It takes time to feel a closeness within a community to feel happy doing this but I see that my children are not the same person and do have different needs and interests at different times.

I think this is a whole tangle of responsibility, trust, understanding, freedom, choices, control and autonomy. We spend such a great amount of time together talking about compromise and balance and sharing so perhaps to just 'let' one child of the family go and do exactly what *they* want seems odd.

This transition is worth thinking about in advance as it is more about parents than children. My sons teen years have been about more time away from us as a family and more time to find out who they are in relation to other people. So many parents hit this stage feeling that the children are ready but perhaps the parents aren't!

rfs said...

@Vickie- often my daughters who are 12, 13 and 15 will want to do something with me-just one on one but I don't tend to push it at all. I am careful to make sure that I make time for each one though-even if it is just chatting together or going together to get groceries!!

rfs said...

@ Rachel-"We spend such a great amount of time together talking about compromise and balance and sharing so perhaps to just 'let' one child of the family go and do exactly what *they* want seems odd."

Just to clarify-I don't suggest urging kids to do 'exactly what they want.' As I wrote in my post, unschooling families are already pretty close due to the nature of unschooling and being home togethre quite a bit. So when children express the desire to do something that doesn't include the gang, I see this as positive-and not a threat as many unschooling families I know tend to experience it. Thanks!

Cathy said...

We have been going through exactly what you share here in your post. My teens are ready to experience life a little more often solo of the whole family. My son recently started going to a homeschool teen group and now that his sister is old enough to join him, he shared that he has enjoyed having something that is just his. My daughter will be going to NBTSC this fall and looks forward to something that is entirely hers alone.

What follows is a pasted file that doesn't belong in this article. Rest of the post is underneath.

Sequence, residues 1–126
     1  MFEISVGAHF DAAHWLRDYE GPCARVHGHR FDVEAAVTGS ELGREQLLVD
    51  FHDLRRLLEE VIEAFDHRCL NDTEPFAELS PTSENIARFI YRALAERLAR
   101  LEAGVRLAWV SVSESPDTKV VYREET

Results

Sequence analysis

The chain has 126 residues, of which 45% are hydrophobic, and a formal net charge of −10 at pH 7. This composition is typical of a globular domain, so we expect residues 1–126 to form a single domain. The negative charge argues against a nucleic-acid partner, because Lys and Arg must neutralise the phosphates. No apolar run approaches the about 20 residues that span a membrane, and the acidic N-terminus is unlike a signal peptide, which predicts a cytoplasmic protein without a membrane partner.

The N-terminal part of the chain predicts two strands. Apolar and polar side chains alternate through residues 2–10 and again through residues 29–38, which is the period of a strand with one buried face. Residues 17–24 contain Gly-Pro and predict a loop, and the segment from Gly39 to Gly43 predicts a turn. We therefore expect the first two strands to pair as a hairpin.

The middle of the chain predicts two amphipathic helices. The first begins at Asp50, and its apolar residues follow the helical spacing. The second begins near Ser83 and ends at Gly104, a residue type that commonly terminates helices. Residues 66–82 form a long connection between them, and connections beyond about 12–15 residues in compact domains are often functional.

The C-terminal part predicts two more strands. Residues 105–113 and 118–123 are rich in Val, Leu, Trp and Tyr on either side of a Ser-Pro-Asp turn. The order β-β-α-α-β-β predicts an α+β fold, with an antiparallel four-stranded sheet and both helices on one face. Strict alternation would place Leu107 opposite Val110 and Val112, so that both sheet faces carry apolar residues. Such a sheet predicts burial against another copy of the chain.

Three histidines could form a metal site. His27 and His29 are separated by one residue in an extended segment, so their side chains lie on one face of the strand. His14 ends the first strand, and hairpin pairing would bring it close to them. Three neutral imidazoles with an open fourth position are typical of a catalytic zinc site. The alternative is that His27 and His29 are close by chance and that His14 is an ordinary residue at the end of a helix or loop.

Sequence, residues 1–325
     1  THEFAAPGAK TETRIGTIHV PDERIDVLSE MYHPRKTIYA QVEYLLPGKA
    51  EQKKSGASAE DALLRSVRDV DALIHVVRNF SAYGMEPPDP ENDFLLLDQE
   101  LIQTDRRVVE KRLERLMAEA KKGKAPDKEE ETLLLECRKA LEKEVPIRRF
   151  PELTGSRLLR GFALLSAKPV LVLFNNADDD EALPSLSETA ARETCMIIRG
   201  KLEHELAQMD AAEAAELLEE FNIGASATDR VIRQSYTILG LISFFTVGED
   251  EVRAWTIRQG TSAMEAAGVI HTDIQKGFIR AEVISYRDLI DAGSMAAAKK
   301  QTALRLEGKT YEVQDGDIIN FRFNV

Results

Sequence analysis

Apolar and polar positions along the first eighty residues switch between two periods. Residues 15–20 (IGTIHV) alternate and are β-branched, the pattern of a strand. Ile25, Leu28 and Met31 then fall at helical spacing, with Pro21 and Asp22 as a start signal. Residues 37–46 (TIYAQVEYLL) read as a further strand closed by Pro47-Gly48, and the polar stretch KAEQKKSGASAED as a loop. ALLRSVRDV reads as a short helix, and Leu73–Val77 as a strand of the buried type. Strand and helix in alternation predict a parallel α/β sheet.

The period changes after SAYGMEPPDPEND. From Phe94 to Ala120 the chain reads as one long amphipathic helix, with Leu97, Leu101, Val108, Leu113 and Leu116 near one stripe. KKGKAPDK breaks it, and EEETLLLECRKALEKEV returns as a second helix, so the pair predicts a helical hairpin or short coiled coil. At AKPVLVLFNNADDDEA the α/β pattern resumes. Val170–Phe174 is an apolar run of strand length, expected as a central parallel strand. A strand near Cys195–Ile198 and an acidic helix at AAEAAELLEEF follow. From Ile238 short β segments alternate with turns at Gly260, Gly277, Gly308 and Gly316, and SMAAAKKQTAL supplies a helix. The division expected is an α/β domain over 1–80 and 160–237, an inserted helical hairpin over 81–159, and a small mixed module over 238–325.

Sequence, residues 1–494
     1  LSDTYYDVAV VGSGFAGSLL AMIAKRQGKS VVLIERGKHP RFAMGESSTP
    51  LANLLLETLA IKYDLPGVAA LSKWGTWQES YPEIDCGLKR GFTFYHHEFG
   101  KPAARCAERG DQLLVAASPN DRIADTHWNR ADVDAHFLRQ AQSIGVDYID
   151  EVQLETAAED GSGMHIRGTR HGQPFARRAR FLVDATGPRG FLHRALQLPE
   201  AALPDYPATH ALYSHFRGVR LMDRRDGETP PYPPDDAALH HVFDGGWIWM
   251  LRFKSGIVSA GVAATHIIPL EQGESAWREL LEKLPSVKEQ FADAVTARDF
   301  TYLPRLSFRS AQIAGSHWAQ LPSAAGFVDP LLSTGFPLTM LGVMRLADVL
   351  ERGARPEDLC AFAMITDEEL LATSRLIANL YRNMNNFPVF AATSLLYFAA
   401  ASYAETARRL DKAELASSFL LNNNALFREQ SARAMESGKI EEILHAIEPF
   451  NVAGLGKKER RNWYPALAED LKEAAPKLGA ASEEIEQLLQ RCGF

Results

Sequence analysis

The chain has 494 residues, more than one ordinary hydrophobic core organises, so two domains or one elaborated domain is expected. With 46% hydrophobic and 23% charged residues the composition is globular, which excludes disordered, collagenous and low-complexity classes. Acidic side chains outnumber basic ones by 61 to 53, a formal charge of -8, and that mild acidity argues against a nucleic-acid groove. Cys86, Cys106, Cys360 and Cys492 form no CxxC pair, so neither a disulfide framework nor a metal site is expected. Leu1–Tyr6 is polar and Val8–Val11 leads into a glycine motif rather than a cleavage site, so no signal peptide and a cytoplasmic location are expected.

As they are looking for more independence, I find that I when they do want to spend time with me, I need to stop what I am doing and take advantage of it. They do still enjoying talking with me a lot and I enjoy it too. Trying new outings together seems to work too.

rfs said...

@Cathy-yes,I'm trying to organize a couple outings as well. Some camping and maybe even a more ambitious trip to the US. I agree that the outings really enhance the family ties.

sara said...

I was a little surprised to hear that *many* unschooling families have issues with letting their kids do something of "their own." Is this really the case?! Maybe it's because I only have one child, or maybe I'm a different kind of person, but I guess I have always expected my son to want to do things on his own. I hope he would! I definitely like to do things without "everyone" also...this makes me think of that article in the National Post (which led me here!) and how the author made it sound like unschooling parents are almost overly involved in their kids' lives, or kids are shielded from diversity. I'm curious if other people really feel there could be an inkling of truth to that...?

rfs said...

@Sara- thanks for the comment. I am only talking from my experience when I say that there are families that I know (in my city) who insist that the whole gang come along to-definitely not the majority. When I wrote this, i was thinking of a few people I know!!